the project and evaluating the risks," said James Wolfensohn, the
World Bank's outgoing president. "Our decision, after a lot of deliberation,
is that the risks can be managed - in fact, one major reason we are involved
is to help manage those risks." He added: "Laos has an average
income level of less than a dollar a day. Children still suffer malnutrition
and too many young people receive little or no formal education.
- "But to get out of this poverty trap, the country
has few options to generate income. Essentially it relies on mining, timber
and hydroelectricity. We believe that a sound approach to selling hydroelectricity
is the best way for it to increase the amount of money it can invest in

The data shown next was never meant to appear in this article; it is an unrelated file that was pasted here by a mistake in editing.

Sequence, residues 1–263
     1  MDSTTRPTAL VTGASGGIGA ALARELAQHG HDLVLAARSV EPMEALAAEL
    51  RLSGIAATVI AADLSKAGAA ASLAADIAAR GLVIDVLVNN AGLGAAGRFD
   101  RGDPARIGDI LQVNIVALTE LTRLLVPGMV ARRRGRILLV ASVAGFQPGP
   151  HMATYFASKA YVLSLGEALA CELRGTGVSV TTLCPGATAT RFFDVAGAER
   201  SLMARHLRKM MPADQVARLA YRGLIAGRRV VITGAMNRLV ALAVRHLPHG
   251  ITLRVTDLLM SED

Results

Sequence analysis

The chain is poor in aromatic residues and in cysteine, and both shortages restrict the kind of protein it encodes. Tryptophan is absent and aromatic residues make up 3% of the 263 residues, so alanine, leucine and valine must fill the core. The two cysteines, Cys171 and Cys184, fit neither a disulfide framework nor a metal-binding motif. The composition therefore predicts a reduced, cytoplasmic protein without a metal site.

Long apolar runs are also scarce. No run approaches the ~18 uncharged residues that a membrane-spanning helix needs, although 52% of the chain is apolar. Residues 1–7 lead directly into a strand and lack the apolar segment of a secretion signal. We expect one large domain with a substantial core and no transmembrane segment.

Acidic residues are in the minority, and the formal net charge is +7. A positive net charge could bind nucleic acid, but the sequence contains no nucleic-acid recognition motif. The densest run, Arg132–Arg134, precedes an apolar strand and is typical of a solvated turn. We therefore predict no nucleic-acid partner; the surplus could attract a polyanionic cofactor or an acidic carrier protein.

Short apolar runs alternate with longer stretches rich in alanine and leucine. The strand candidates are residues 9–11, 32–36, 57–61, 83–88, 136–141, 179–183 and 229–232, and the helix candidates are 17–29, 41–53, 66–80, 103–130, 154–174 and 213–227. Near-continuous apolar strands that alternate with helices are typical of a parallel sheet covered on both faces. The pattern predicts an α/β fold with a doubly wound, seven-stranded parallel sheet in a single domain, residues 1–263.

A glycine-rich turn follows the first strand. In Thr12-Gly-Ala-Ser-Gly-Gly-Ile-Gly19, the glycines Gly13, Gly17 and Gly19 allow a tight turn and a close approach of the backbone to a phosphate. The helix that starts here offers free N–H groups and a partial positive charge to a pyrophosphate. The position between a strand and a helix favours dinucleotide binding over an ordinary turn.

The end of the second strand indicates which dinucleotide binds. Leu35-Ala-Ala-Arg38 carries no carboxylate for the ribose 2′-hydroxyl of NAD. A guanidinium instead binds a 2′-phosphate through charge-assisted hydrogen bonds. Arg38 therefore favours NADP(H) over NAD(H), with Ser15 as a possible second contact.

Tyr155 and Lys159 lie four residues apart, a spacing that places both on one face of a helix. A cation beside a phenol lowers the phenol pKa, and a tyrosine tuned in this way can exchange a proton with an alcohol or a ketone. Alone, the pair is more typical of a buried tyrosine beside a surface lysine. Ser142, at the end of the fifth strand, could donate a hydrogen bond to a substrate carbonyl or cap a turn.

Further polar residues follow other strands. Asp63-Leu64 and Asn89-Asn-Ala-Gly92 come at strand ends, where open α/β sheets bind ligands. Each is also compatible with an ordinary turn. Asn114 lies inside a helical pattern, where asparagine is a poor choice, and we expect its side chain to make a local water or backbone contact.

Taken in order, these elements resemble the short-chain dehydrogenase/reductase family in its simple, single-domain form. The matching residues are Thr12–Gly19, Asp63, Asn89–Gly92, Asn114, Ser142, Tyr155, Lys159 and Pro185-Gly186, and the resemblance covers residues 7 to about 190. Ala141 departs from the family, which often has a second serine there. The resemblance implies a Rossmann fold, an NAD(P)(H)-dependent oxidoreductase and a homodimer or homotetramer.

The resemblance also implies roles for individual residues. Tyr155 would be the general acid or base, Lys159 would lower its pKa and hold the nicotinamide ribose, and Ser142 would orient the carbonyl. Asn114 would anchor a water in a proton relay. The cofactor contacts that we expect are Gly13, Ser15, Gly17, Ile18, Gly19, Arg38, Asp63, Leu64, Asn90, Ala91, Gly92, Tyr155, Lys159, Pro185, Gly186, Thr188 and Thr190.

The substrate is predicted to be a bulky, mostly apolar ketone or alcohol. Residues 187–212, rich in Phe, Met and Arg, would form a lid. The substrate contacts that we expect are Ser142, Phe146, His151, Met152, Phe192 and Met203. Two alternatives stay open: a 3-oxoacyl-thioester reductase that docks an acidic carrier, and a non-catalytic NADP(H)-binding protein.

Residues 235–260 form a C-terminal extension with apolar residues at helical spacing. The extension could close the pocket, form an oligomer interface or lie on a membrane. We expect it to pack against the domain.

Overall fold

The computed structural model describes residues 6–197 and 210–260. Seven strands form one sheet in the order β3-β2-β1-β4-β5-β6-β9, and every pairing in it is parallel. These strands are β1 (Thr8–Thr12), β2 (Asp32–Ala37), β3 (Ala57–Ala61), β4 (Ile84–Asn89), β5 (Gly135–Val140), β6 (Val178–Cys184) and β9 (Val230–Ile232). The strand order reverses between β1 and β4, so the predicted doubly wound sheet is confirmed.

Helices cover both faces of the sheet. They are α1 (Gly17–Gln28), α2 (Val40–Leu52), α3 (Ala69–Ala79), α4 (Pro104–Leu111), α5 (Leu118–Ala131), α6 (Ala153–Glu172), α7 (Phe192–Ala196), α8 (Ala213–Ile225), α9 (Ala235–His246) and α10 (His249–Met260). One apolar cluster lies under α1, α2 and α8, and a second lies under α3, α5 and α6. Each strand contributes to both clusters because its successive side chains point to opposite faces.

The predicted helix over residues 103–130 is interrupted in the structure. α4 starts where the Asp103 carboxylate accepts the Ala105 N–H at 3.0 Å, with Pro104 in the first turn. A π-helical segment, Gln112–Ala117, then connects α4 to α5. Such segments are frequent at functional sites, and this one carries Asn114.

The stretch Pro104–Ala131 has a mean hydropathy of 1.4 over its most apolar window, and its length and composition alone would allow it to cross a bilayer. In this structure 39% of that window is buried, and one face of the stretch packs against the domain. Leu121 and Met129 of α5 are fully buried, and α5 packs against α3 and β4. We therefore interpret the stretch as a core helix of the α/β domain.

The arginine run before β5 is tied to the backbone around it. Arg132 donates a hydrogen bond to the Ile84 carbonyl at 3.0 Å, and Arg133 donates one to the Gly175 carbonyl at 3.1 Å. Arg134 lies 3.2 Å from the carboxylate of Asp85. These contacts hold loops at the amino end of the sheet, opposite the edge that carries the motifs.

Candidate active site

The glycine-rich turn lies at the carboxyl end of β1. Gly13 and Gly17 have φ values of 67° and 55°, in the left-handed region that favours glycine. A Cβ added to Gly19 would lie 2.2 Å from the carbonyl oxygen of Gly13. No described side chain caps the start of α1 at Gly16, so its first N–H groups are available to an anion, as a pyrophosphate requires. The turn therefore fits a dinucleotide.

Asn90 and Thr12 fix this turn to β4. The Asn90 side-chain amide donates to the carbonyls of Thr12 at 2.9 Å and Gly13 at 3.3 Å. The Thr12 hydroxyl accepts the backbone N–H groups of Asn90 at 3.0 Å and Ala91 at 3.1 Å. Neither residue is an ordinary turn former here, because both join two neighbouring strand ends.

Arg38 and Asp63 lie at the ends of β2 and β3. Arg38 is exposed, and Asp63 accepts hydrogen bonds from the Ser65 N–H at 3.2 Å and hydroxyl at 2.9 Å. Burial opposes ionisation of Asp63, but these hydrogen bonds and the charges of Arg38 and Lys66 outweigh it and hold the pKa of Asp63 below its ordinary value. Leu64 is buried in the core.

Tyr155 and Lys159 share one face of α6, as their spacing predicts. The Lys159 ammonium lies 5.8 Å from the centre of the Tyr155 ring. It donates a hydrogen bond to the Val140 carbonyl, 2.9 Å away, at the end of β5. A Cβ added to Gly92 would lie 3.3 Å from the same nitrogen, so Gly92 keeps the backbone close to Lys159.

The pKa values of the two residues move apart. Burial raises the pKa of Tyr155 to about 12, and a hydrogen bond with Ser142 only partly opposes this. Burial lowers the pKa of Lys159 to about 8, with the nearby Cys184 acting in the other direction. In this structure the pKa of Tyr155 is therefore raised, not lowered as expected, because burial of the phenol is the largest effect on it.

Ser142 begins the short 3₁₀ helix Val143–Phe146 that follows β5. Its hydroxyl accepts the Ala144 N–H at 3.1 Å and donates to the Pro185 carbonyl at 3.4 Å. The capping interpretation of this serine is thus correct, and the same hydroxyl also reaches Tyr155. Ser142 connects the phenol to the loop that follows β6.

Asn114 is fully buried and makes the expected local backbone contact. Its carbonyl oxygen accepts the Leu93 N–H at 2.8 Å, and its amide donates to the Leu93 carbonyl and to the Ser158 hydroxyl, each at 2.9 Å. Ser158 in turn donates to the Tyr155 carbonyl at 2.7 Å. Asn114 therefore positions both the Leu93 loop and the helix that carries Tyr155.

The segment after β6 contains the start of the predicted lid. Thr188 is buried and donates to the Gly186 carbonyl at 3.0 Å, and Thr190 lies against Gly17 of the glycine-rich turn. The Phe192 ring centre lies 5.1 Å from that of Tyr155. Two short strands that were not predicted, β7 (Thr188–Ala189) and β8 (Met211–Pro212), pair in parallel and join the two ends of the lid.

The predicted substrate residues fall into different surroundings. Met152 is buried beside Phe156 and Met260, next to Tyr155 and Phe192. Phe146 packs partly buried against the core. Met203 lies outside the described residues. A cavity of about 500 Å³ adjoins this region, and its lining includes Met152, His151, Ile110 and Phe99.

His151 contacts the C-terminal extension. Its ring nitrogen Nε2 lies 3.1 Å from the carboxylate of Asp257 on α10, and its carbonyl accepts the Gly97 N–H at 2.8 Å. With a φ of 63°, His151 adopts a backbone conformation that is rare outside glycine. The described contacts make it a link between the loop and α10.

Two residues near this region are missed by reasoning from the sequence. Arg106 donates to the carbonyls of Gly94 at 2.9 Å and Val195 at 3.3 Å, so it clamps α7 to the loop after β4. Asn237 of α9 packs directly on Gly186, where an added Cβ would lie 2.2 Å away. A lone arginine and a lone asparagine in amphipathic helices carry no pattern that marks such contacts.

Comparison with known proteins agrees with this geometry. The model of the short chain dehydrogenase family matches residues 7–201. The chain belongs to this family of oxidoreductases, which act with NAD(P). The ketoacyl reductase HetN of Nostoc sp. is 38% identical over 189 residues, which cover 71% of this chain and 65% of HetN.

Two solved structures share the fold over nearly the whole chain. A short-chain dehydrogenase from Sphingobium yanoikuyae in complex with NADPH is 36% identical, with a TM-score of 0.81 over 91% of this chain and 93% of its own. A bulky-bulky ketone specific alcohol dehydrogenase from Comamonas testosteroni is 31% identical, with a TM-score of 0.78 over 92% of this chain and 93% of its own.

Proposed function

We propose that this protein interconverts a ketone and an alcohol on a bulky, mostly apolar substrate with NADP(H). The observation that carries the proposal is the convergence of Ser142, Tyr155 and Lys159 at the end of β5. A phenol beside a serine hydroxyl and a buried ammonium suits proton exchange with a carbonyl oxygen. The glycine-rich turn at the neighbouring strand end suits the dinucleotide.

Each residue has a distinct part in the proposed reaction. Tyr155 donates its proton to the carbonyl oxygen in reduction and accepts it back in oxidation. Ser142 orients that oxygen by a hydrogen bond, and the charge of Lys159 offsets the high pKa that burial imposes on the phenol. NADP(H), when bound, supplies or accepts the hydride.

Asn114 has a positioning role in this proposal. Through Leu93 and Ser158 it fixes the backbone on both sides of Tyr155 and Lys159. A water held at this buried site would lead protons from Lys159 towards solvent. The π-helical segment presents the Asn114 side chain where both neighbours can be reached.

health, education and basic infrastructure."
- Peter Stephens, a bank official who has been working
on the project for the past decade, told The Independent that a series
of safeguards had been included. The approximately 6,200 people who are
being relocated have been given written guarantees that they will receive
new homes and compensation, a new environmental protection area has been
established and a separate finance line has been worked out with the authorities
to ensure transparency and allow officials to check that a percentage of
the money from the dam is used on education and health projects promised
- "This is the most public advertisement of the country's
investability - whether they are marketable," he said. "The net
outcome [of not meeting its undertakings] would be very much more serious
for them than the [short-term] benefits."
- Officials claim that the threat to the Asian elephant